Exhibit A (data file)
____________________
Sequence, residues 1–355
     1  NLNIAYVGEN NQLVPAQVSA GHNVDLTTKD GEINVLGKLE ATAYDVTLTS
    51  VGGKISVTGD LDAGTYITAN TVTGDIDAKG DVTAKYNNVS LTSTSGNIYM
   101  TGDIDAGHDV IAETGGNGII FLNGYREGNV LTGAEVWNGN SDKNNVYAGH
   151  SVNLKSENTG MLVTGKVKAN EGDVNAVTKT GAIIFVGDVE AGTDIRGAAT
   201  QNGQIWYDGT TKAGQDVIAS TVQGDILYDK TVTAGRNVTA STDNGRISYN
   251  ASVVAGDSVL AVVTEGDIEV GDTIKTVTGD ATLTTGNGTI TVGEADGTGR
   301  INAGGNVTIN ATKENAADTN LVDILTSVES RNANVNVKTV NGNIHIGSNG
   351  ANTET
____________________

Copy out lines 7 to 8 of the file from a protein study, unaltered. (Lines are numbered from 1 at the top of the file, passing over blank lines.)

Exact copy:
   251  ASVVAGDSVL AVVTEGDIEV GDTIKTVTGD ATLTTGNGTI TVGEADGTGR
   301  INAGGNVTIN ATKENAADTN LVDILTSVES RNANVNVKTV NGNIHIGSNG